The paper investigates this potential, by studying whether it is possible to circumscribe and define urban ambiances in relation to the concept of the built environment across scale when applying an ‘urban tectonic’ perspective.Methodologically, the potential of such an ‘urban tectonic’ framework is examined by applying it to a study of a tertiary building development; in this case a bank, a typology not usually designed explicitly to influence urban liveability, let alone provide urban ambiance.
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Thus, the question of improving the liveability of the urban environment that forms the scope of the present paper is intimately linked to the delicate notion of ambiance understood as a means for describing the atmosphere of a given space.
Hence, succeeding in increasing the ambiance of urban space within the context of climate change and urban densification entails the intimate linking of architecture and urban design sought by Mohsen Mostafavi: “…one could argue that the traditional divisions between architecture, landscape architecture, planning, and urban design are still necessary for the formation and accumulation of specific disciplinary knowledge.
This requires us, as architects and urban designers, to refine our descriptions of ambiance as an integral part of the technical construction principles applied in the built environment, hereby considering it a continuous space, as suggested in theories of landscape urbanism.
By recalling the etymological meaning of tectonics as a contextual joining of aesthetics and technology at the architectural scale, the paper states that this can be understood as a tectonic challenge which crosses the architectural and urban domains.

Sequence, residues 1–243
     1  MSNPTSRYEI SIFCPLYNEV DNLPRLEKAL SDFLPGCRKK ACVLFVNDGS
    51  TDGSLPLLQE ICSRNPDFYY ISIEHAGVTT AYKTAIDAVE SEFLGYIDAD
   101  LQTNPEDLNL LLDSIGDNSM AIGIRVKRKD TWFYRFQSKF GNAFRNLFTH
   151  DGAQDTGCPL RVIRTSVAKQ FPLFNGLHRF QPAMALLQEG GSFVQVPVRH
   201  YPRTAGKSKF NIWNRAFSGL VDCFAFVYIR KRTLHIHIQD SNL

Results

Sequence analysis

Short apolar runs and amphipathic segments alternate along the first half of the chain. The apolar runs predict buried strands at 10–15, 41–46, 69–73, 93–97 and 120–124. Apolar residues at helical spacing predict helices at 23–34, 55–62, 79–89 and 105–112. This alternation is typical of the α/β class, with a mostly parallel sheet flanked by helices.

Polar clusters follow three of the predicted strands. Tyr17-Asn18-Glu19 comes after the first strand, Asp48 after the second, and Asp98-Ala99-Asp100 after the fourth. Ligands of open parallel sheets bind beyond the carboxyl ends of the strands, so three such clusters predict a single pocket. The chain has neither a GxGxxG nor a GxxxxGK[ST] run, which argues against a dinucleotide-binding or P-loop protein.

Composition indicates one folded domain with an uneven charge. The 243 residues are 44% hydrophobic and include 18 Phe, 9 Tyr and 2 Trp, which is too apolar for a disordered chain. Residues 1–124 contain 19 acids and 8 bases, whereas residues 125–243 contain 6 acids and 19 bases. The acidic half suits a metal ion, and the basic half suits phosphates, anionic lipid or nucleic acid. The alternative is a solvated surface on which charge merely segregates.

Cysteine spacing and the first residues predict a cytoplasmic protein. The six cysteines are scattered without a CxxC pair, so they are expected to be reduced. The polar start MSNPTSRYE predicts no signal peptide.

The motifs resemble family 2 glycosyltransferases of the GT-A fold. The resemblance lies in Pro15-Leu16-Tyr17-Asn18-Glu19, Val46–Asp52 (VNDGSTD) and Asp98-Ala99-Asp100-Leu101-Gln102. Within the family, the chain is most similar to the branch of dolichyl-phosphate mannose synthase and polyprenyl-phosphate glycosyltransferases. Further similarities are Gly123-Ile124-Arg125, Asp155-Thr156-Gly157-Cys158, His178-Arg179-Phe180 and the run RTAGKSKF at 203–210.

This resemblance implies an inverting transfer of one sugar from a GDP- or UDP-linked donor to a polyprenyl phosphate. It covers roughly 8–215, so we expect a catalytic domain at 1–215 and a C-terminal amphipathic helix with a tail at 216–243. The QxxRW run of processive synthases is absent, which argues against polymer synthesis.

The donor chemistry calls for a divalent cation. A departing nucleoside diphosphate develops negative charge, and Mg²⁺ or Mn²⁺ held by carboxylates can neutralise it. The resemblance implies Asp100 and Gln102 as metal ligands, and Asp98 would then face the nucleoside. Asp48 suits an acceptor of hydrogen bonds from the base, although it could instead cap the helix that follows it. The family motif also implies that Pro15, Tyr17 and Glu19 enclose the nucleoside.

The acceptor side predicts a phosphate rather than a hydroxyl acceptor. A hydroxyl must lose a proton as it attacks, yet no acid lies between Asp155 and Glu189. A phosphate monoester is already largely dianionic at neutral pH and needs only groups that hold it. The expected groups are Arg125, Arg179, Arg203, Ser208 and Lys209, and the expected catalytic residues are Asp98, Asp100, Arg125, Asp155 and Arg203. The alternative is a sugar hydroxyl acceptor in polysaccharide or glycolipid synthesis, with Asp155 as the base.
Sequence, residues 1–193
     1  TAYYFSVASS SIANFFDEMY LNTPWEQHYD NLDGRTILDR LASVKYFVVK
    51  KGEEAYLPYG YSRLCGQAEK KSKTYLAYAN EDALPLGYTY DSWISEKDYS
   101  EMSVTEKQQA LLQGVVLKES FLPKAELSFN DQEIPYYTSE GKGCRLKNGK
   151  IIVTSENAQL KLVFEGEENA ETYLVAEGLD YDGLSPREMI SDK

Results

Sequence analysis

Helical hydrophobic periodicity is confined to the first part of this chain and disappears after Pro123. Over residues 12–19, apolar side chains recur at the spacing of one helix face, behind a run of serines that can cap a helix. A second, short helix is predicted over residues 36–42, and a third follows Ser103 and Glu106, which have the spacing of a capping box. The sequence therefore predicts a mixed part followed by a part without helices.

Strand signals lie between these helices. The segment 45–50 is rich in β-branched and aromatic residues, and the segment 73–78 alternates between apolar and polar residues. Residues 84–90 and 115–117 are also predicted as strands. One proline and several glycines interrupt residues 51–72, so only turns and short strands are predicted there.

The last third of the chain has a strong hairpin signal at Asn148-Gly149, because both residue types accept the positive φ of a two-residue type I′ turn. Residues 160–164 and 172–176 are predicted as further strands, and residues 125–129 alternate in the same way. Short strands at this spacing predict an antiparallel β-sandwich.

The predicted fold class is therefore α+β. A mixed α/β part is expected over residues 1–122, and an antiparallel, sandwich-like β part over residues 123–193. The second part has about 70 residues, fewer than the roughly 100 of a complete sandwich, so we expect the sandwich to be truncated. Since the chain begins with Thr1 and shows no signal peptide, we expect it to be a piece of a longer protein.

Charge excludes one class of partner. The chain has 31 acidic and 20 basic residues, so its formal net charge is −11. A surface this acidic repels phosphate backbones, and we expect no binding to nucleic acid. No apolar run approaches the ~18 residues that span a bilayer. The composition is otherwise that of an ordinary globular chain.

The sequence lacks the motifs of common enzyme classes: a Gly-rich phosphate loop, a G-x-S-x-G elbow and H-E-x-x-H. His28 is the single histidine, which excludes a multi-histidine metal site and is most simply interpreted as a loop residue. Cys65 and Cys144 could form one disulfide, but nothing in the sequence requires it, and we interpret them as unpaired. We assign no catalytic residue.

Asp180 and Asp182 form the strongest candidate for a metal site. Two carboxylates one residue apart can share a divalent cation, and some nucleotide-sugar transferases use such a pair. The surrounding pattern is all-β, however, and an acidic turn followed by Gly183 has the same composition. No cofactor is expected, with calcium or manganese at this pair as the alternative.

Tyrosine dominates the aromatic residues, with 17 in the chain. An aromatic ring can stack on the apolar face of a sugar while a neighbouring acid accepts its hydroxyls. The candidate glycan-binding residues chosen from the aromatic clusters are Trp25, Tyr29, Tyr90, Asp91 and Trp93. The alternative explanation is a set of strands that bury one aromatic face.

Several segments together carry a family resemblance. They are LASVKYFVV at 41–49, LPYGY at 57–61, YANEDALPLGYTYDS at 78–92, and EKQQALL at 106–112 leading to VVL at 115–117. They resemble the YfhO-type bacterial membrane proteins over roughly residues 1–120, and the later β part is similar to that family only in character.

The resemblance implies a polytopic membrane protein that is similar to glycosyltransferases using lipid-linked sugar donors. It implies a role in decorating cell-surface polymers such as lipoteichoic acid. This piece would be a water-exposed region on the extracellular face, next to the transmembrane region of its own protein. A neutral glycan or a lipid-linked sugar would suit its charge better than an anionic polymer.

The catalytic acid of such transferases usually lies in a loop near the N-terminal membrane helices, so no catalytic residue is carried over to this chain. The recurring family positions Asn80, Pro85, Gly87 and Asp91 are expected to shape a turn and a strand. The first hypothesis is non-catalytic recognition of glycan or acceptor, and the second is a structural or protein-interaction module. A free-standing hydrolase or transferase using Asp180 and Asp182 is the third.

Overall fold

As a result, the potential is opened up to develop further the theory of landscape urbanism by juxtaposing it with tectonic architectural theory.
The paper investigates this potential through a combined conceptual and analytical case, studying whether it is possible to define and describe urban ambiances across scale, in relation to the concept of the built environment, when applying an “urban tectonic” perspective.
Specifically, the act of integrating structural elements intentionally for the experience of the end work and mastering the material properties and techniques applied in its realisation has been emphasised (Semper, 1989, 1851; Semper, 2004, 1861; Sekler, 1964; Frascari, 1984; Frampton, 1995).
It is our observation that tectonic theories in architecture thus link to the question of architectural atmospheres dealt with by Böhme, Pallasmaa, and Zumthor, and to the actual constructive joining of structural elements at the architectural scale.
Thus, there is also the possibly of positioning tectonics in relation to the aforementioned pressing technical challenge that governs the development of the built environment as a whole, across the architectural and urban scales.